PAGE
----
"Uh-oh." That's the sound being uttered in doctors' offices and hospitals across the country as medical providers realize they're getting stuck with another bottomless Obamacare bill. While the White House desperately tries to pivot from the havoc wrought by the "Affordable Care Act," its hidden regulatory bombs keep exploding.
I heard about the latest problem this week from an eye doctor friend who received a letter from a Colorado-based insurer informing her that she's essentially on the hook for Obamacare's payment grace period for debtors. The optometrist is bracing for a flood of similar letters from other insurers. Like countless other independent providers, she's extremely concerned about the potential liability, uncertainty and fraud the rule imposes on her business.
Here's the raw deal: The Affordable Care Act created a 90-day grace period before insurers can drop patients who fall behind on premiums. So, delinquents who obtain tax-subsidized health insurance through an Obamacare health insurance exchange have three months to settle up their bills prior to their policy being canceled. As written, the law puts insurers on the hook for the grace period.
But the bureaucrats at the Centers for Medicare and Medicaid Services decided to issue a rule in March making insurers responsible only for paying claims during the first 30 days of the debtors' grace period. Who's on the hook for the other two months? Well, customers are entrusted to foot the bills for additional services. But if they blow off the payments, it's up to physicians and hospitals to collect.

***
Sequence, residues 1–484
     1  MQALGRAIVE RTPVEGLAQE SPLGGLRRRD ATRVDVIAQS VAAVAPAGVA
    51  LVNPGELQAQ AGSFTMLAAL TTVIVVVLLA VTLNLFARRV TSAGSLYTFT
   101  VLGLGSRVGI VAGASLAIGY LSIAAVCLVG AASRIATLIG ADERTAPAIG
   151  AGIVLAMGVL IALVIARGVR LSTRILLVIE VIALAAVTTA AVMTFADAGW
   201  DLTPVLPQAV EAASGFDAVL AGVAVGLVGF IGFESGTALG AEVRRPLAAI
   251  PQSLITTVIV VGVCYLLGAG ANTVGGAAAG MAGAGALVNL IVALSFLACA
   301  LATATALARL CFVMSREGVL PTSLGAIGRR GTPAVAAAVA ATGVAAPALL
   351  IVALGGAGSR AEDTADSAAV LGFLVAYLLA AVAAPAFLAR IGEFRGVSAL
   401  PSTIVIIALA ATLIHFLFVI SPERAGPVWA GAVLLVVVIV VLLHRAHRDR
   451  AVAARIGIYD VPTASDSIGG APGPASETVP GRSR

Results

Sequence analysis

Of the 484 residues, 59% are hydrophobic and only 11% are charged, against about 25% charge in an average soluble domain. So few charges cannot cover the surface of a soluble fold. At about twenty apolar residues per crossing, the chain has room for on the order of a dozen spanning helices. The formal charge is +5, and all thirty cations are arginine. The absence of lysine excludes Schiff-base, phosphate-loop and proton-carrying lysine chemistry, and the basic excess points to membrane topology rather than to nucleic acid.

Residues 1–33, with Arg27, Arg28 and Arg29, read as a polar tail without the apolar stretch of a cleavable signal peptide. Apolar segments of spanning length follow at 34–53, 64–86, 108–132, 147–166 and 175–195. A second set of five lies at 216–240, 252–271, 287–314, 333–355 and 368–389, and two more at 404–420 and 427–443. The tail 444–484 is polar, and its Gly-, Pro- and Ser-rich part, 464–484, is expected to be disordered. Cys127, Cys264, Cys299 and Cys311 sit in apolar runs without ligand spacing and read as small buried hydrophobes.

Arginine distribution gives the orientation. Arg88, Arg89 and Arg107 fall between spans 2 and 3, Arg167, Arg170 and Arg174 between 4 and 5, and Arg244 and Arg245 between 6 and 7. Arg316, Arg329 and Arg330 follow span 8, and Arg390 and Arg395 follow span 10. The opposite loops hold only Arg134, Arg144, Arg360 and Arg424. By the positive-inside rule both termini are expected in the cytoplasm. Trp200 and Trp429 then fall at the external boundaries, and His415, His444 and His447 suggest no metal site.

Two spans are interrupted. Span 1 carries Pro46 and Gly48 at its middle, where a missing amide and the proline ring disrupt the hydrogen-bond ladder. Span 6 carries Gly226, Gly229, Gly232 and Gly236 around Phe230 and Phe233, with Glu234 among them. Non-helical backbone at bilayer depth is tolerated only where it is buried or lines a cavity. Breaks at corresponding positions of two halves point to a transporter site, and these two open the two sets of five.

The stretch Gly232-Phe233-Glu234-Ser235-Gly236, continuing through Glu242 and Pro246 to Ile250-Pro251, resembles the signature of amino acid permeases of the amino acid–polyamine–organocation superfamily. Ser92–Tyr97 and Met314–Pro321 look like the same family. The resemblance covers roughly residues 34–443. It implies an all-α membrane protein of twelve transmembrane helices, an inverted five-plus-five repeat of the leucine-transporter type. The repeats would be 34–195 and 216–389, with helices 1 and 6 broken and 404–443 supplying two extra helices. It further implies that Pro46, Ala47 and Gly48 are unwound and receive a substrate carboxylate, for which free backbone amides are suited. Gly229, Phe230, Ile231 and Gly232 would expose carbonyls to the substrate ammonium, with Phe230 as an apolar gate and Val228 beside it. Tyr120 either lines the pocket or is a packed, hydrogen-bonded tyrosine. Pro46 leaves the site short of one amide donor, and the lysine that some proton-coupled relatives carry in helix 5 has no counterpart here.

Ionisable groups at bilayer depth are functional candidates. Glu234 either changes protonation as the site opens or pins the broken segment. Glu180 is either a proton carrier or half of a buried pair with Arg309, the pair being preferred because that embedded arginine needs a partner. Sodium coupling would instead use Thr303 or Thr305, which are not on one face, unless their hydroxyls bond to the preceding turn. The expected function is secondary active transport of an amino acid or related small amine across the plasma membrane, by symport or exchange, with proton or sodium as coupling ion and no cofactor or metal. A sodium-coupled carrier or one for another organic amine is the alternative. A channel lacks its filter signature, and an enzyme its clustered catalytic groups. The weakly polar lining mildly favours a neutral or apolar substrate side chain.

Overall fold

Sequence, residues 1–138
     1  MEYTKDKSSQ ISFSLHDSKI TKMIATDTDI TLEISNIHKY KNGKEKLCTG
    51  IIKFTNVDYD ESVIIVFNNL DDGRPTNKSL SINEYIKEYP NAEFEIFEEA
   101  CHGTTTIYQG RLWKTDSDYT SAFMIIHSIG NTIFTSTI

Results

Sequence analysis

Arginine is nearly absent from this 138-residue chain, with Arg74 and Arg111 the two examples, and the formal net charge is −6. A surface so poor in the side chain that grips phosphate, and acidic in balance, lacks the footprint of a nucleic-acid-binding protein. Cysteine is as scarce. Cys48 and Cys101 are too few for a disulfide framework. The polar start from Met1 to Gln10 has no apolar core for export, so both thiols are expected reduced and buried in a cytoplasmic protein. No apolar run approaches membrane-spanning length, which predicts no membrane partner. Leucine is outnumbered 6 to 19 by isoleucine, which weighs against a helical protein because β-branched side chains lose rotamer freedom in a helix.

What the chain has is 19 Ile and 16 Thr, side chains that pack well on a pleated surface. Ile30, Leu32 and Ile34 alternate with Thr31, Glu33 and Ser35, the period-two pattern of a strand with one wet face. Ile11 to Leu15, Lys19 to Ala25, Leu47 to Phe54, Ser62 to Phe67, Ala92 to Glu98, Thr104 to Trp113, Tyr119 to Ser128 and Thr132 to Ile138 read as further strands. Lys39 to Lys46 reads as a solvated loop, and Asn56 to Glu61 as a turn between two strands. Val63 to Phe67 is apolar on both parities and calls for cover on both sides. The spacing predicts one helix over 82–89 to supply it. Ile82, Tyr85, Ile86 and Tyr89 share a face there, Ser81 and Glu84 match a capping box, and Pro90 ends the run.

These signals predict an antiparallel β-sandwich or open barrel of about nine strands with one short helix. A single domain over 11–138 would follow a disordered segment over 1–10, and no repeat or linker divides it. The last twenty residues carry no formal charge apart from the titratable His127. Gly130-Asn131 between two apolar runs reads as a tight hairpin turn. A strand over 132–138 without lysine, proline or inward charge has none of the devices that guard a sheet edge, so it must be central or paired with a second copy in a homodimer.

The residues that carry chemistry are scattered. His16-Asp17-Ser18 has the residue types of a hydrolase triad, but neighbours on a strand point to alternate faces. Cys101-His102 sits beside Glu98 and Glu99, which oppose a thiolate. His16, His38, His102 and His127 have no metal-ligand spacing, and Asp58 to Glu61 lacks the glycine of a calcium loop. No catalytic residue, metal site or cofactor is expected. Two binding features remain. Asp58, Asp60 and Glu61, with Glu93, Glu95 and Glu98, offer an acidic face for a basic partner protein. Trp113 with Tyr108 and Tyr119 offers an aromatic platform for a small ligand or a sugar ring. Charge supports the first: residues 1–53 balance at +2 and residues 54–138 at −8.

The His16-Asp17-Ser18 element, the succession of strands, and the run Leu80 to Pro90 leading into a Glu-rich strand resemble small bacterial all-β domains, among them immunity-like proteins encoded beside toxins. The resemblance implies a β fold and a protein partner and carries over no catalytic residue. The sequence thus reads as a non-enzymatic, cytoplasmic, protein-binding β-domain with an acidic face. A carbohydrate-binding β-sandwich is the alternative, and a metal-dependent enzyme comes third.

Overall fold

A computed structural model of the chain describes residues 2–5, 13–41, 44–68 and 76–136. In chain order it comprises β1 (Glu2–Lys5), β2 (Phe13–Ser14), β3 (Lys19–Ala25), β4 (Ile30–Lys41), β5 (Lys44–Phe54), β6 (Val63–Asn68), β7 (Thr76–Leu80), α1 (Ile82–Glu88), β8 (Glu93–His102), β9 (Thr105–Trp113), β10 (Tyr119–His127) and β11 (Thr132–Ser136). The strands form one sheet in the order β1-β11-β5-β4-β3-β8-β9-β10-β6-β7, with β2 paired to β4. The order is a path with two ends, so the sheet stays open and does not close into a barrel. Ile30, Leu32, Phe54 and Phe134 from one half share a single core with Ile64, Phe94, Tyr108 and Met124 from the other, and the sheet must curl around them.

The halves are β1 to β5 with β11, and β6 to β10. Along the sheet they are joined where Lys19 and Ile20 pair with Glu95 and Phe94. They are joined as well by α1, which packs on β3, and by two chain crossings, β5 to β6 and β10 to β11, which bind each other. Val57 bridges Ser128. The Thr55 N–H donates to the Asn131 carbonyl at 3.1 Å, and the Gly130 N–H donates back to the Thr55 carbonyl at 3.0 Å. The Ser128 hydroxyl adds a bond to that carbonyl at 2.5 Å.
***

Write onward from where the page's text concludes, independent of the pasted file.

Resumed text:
In real-world practice, this means providers will be eating untold costs. Several large hospital associations raised red flags over the issue this summer. In August, the Missouri Hospital Association noted that the regulatory shift "unduly burdens physicians, hospitals and other health care providers" by making them directly collect payments from patients, which "puts them at an unfair and significant risk for providing uncompensated care to patients."
Emillie J DiChristina of Practicefirst Medical Management Solutions spelled out the financial risks for clients on the company's blog: "This leaves providers in a potentially bad place as they have a high potential for accruing bad debt on services provided between 31 and 90 days of the allowed grace period." Can you spell f-r-a-u-d? People could "go on and off" insurance plans, Tampa Bay health care lawyer Bruce Lamb told me, and game the system by bailing on payments and exploiting Obamacare protections against denial of coverage.